Will also look into having check valves between the 2 GSHP units and our 2 separate desuperheater buffer tanks (or is that not necessary if each GSHP unit is going to its own hot water system? ie we have 2 separate hot water heaters and the split unit is plumbed to the tank for our 2nd floor and the packaged unit is plumbed to our first floor water heater buffer tank) -- and also ensure that they account for pressure drop across the factory installed check valves going out via header to the ground loops, which I see is already calculated by ClimateMaster for you in their tables on their product catalog.
  16. SShaw

    SShaw Active Member Forum Leader

    I took a look at your pressure drop. You should be somewhere in the 60 to 65 ft-hd range at 21 GPM. See attached.

    Looking at the attached sheet you can see the largest components are the 3 Ton unit at 18.0 ft-hd and the 500 feet of header piping at 38.4 ft-hd. I had to guess at the inside pipe lengths and used 100 feet (50 to each unit and 50 back.) The worksheet also forces 1 1/4" piping, so I used that instead of 1 1/2". Neither of these factors affect the result significantly. The inside runs to/from the units are in parallel, so they don't add up either.

    You haven't listed the pump models, so I assumed your heat pumps have the newer UPMXL pumps, which are a little less powerful than the older Magna 25-140 pumps. I also assume your external flow center has a single 26-99 pump. Based on those assumptions:
    Your two internal pumps alone should be able to provide 17 GPM, which is more than the minimum recommended flow of 16 GPM.
    Adding the external flow center should have gotten you to about 22 GPM.

    Assuming the calculation is correct, and assuming nothing is misconfigured with your pumps or units, the results would seem to indicate a problem with flow in the ground loop. Maybe a blocked or pinched pipe or trapped air.

    Note the flushing requirements at the bottom of the pressure drop worksheet: 74.4 GPM at 762 ft-hd. I don't think you can achieve that with any flush cart. For reference, the Waterfurnace flush cart has a maximum head of 120 ft. So, I wonder if your loop was able to be purged correctly, or could ever be purged correctly.

    Changing the 500 feet of header piping to 2" would lower the head to 28 ft at 21 GPM. The flushing requirements are still too high though at 351 ft-hd.

    I don't know what your best solution is, but if you had 2" header pipe and 3/4" loop circuit piping, you should be able to run with only the internal pumps at 21 GPM, and your flushing requirement would be only 28.8 GPM at 72 ft-hd, which is achievable. You would also have a better reynolds number for better heat exchange with the ground. As noted by gsmith22, 2" header and 3/4" parallel loop piping would be a more more typical design. This analysis shows the reasons for that--the pressure drop, reynolds number, and flushing requirements are all reasonable.

    Attached Files:

    gsmith22 likes this.
  17. gsmith22

    gsmith22 Active Member Forum Leader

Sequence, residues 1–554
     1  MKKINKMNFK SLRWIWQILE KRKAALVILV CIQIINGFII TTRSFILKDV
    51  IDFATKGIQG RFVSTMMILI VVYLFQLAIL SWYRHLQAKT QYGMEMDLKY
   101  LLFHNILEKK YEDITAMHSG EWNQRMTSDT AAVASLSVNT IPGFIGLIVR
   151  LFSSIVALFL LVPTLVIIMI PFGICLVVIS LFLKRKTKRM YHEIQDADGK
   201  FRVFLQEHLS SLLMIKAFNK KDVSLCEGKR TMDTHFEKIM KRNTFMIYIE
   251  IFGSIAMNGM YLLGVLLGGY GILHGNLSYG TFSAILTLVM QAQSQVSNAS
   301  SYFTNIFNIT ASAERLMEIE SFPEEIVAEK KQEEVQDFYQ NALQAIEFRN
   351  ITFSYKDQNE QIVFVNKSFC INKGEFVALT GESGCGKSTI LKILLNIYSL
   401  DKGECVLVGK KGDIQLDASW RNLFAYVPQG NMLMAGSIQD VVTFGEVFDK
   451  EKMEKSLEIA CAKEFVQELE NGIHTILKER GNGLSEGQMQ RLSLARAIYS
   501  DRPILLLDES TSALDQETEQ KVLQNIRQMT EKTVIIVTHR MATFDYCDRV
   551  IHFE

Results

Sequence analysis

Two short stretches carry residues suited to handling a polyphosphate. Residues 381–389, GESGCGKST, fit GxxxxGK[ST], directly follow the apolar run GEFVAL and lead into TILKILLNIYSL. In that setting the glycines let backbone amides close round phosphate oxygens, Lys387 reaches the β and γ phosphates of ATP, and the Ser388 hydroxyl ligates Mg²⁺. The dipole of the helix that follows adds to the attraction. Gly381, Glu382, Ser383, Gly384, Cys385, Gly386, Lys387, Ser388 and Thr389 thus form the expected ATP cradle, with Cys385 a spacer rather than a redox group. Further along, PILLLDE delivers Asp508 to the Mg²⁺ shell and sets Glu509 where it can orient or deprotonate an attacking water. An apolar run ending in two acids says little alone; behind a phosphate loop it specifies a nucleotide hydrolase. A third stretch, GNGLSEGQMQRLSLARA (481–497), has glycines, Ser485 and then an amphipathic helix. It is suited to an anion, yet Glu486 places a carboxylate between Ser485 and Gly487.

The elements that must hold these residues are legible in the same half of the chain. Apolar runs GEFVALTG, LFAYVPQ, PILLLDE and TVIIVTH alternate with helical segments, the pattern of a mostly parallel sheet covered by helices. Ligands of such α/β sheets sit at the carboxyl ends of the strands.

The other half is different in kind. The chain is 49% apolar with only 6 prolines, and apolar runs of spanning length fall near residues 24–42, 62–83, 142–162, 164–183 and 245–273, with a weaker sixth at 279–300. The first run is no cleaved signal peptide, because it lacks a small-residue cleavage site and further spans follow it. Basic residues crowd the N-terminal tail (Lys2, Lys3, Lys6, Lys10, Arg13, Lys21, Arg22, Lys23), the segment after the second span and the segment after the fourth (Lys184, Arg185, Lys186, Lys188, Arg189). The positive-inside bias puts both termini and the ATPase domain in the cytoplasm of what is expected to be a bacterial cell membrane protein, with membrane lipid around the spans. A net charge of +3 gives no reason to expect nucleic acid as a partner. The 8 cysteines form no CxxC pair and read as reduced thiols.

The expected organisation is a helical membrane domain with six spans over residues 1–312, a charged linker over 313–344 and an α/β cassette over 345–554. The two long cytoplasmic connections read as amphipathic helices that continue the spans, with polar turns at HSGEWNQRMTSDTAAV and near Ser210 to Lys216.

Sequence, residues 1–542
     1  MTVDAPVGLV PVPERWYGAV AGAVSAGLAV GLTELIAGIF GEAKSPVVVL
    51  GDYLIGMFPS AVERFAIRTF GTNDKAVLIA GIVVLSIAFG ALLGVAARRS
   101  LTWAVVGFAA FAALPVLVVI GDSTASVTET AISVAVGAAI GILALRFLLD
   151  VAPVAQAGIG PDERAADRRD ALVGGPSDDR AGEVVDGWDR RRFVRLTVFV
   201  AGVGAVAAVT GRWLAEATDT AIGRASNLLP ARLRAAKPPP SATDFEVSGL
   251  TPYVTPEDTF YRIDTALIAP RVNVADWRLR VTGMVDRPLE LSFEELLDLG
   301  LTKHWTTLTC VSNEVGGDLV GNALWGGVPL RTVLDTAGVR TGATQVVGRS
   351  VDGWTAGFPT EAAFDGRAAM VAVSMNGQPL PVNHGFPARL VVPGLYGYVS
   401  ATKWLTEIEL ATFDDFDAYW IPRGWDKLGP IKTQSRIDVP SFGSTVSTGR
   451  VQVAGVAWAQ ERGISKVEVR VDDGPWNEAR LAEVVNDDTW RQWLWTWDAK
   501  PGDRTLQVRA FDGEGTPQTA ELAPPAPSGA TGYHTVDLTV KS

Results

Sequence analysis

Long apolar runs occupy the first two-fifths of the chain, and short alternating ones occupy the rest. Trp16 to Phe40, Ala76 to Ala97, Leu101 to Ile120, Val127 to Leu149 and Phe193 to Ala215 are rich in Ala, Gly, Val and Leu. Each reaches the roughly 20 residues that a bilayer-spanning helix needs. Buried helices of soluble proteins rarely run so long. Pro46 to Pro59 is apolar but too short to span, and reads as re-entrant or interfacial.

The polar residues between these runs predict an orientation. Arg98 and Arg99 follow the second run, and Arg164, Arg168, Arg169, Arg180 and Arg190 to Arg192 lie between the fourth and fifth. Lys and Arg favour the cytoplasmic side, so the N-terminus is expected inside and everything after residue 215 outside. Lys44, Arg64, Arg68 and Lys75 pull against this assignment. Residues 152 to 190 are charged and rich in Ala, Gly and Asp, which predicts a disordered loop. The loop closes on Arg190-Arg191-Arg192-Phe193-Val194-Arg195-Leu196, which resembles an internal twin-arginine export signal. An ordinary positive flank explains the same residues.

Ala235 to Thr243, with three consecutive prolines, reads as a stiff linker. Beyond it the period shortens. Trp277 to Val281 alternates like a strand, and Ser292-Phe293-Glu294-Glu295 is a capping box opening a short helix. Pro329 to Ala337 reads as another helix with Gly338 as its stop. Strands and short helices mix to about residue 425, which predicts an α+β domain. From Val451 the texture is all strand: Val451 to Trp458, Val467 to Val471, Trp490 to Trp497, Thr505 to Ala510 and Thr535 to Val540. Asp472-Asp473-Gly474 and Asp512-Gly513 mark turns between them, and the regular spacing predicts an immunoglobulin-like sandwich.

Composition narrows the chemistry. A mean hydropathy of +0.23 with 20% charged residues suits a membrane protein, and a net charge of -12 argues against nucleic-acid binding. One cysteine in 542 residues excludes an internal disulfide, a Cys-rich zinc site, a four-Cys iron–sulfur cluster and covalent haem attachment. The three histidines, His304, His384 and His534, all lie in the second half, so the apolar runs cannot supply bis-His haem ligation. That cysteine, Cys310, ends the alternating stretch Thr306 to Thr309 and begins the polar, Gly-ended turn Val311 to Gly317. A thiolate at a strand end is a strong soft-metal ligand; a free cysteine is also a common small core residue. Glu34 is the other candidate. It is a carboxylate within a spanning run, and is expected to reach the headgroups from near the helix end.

I'm guessing the calcs use parallel piped ground loops but I think that is one of the question marks too how all of that is connected. Regardless, if you can't flush parallel connected 1.25" ground loop piping, then that has to get dug up too. Don't let them keep any of the nonsense outside that got you into this mess. Maybe have an attorney watching the whole thing to keep things moving in the right direction!
  18. SShaw

    SShaw Active Member Forum Leader

    Yes, the calculation assumes 8 loops in parallel, each 600 feet long. In series, such a system would have 428 ft-hd at 21 GPM. That would be a terrible design and seems unlikely. But, the calculation shows the OP's combination of three pumps should produce 10 GPM with that design, which isn't far from what he's getting, so who knows.
  19. gsmith22

    gsmith22 Active Member Forum Leader

    This is the same individual(s) that put in 1.25" header pipe for 500ft thinking that was good too :) Regardless, you have shown that the 1.25" loop piping needs to get ripped out too because it can't be flushed and I think that is the important part here. All the exterior piping needs to go!
  20. air2high

    air2high New Member

    Well, this is all a little disheartening. We are still awaiting redesign plans. I don’t think we want to have all the pipe dug up. The header would be reasonable but the loops themselves would be too much - as you can see they’d have to rip up a lot of landscaping, raised garden beds, and a playground. If only the header, they’d just have to deal with some irrigation lines and a few other pipes.

    Loops are in 4 trenches that run basically the entire length of the yard. 2 loops per tench. They think that the loops are plumbed in series within each trench and then each trench is in parallel to each other with the header pipe that is in red running across the back of the house.

    We will wait to see what is recommended but it’s looking more like we just need to abandon and perhaps replace with 2 air source heat pumps. :(